KJIPUKTUK (Halifax) – A landfill near Bridgetown in the Annapolis Valley has been the subject of complaints at the Municipal level for nearly five years. At the time the facility was managed by a Annapolis Progressive Conservative candidate Jennifer Ehrenfeld-Poole, who earlier became a subject of controversy after screenshots circulated on social media of the candidate expressing a desire to commit violence against cyclists.
Environmental concerns are being raised in an online petition that is resurfacing in the days leading up to the election. Residents of the area are concerned about water contamination, pollution from work trucks, and the nature of the materials being accepted at the facility.
The landfill, Arlington Heights Construction & Debris, was run by Ehrenfeld-Poole.
Complaints began circulating in 2017 after the landfill sought to expand operations with an Arlington Asbestos Waste Disposal Facility.
Among the concerns was the acceptance of autofluff material that poses many health and safety hazards. Auto fluff is defined as “a complex mixture of non-ferrous materials including plastics, foam, textiles, rubber and glass.”
Landfill issued warning earlier this year for accepting unauthorized materials
In February CBC News revealed that the facility would be undergoing an environmental investigation after the facility was found to be receiving autofluff it was not permitted to accept during a scheduled audit.
Asked about the conclusions found in the February investigation of the disposal of auto-fluff at Arlington Heights, the Department of Environment tells The Nova Scotia Advocate:
“A warning was issued to the company. Testing showed the material has not resulted in any environmental impacts, and it can stay in place. As directed, the company is retaining a third-party consultant to continue to monitor groundwater and surface water.”
While the investigation into Arlington Heights is completed, the department says that “additional monitoring and sampling are currently being conducted by the facility.”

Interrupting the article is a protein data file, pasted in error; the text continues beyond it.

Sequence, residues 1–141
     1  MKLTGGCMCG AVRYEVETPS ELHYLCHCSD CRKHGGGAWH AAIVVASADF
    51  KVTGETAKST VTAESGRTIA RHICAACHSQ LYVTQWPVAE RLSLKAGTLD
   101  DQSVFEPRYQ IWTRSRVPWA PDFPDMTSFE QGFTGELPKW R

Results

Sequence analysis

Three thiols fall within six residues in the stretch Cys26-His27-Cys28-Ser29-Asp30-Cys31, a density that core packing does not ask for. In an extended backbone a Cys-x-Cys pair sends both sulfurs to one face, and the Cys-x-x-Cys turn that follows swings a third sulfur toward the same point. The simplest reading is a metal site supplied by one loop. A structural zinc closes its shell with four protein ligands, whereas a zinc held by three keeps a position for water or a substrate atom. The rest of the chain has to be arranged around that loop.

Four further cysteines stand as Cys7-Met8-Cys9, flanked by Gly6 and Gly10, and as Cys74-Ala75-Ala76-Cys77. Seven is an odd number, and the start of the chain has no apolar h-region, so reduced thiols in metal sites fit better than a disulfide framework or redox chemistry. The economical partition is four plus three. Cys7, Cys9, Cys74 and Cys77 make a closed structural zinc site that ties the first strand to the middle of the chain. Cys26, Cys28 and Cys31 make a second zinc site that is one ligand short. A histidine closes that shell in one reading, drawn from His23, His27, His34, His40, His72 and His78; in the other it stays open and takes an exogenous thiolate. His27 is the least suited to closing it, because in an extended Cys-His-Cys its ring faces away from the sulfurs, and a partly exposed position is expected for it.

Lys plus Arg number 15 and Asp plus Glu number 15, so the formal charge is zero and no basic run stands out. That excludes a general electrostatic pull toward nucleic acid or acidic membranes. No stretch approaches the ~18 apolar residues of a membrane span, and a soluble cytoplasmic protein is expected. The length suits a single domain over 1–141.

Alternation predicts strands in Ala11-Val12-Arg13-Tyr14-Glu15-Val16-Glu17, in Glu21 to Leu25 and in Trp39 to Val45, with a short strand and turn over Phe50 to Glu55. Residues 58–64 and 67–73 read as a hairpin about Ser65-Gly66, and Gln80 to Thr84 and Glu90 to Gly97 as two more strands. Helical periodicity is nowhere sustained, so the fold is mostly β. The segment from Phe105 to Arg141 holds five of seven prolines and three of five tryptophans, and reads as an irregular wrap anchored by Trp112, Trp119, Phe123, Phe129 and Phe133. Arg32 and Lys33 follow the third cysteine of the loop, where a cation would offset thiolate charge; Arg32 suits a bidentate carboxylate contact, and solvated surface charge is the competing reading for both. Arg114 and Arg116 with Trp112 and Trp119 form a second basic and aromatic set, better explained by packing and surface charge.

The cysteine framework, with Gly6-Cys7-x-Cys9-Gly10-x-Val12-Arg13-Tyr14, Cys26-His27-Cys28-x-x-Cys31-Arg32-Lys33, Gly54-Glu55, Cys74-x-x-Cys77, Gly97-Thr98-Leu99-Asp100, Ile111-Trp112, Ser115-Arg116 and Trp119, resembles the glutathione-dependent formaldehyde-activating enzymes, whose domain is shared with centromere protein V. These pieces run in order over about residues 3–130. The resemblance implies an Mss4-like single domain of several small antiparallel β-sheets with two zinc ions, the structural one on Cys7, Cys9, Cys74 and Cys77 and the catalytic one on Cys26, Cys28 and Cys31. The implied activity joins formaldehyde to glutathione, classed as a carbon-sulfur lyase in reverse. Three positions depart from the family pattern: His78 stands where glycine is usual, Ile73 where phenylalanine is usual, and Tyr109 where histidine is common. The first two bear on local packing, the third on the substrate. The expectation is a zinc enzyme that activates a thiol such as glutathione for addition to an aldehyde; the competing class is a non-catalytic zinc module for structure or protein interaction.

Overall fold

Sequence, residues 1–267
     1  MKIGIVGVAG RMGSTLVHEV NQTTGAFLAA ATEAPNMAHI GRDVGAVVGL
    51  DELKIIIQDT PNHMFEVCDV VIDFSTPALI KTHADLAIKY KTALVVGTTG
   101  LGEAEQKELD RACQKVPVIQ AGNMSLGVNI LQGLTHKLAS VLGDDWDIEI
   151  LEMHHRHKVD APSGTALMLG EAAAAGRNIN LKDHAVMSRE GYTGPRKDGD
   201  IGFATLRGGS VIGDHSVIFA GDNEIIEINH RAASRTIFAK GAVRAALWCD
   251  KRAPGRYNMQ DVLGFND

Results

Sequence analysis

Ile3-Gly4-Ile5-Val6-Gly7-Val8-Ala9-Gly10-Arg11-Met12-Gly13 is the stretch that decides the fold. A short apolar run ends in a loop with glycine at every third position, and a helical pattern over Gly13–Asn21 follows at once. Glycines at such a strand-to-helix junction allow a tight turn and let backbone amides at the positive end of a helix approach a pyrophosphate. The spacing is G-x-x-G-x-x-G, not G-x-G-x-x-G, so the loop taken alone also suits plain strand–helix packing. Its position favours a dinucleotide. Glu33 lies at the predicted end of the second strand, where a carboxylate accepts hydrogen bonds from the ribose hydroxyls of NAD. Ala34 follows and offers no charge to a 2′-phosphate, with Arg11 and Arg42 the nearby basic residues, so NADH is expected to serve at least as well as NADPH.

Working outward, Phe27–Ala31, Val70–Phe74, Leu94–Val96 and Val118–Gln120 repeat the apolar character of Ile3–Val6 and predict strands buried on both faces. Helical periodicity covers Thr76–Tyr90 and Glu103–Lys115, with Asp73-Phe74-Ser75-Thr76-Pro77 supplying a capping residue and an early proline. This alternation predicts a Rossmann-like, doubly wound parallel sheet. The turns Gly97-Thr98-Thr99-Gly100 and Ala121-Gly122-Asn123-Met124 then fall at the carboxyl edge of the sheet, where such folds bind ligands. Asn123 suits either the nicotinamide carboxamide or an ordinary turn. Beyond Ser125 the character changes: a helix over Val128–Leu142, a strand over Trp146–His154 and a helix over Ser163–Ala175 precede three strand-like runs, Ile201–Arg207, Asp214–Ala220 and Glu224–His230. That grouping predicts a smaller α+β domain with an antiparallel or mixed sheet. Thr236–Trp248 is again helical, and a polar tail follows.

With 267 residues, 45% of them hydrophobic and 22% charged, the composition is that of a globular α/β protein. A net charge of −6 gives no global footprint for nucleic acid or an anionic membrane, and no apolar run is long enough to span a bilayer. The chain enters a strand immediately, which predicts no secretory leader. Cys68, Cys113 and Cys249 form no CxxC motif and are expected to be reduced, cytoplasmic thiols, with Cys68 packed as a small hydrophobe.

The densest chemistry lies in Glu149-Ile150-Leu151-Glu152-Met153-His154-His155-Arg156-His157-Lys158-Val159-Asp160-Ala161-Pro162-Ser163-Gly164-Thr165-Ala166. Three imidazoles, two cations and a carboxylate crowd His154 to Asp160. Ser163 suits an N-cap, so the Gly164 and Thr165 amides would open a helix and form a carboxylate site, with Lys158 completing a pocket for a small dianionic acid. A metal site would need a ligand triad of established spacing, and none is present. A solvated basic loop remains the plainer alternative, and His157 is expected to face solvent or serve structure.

While the PC’s say Ehrenfeld-Poole does not own the business, she has represented herself as the site owner for as long as two decades. The Nova Scotia Progressive Conservative party response to our questions was unclear about when Ehrenfeld-Poole left her role at the site.
In articles about the landfill’s problems by the CBC and the Chronicle Herald she consistently identifies herself as the owner. She was listed as the “proponent contact” on the proposal to expand the facility in 2017.
Much of Ehrenfeld-Poole’s social media history was removed or hidden after the series of violent posts, but not her comment history in a local private Facebook group. In these comments she again positions herself as owner and the person in charge of the landfill.
In 2017, Ehrenfeld-Poole wrote, “I am very confident on my site and with staff have great reputation with environment,” adding, “We surpass the guidelines because that’s what I believe we should be doing.” She blamed understaffing at the Department of Environment for the “very generic” guidelines and requirements.
In a 2018 post, Ehrenfeld-Poole details the history of her business, writing, “Arlington started back in 2000 by previous owners. I have had it for the past 10 years.”
Ehrenfeld-Poole claims the site operates on impermeable clay, adding, “We have had zero infractions ever on this site.”
Concerns at municipal level
A simple search through Municipal minutes reveals years of concerns and complaints about the site.
In December 2017, Council acknowledged receipt of a letter regarding the landfill’s proposed expansion, but noted the Province has authority over health and environment.
The next month, “Councillor Fowler reported that it has been determined that no further environmental assessments have to take place in order for the current site to double its size.”
“Residents are very concerned that we are accepting that toxic waste,” the minutes read. The Municipality moved unanimously to send a letter of concern regarding the site to their MLA, then-premier Stephen McNeil.
A year later, in March 2019, Council unanimously agreed to send a letter to the province’s environment minister, “requesting that he connect with and meet with the Annapolis Waterkeepers regarding issues surrounding water quality to do with the Arlington dump on the North Mountain.”
That August, Council received a letter from Kip McCurdy of the Annapolis Waterkeepers. The environmental activism group proposed to work with Council and the Province to “draft and establish appropriate bylaws for the disposal of hazardous waste (i.e. asbestos, etc.) in the province,” with a closer look at bylaws for the Arlington Road site. In another unanimous vote, Council moved to write a letter in support of the Annapolis Waterkeepers concerns on asbestos disposal in Annapolis County.
Concerns continued on the municipal level, as Warden Alan Parish of the Committee of the Whole noted in December 2020 he met with Councillor Redden “about the dump on Arlington Road.”
See also: Weekend video: Poisoned village
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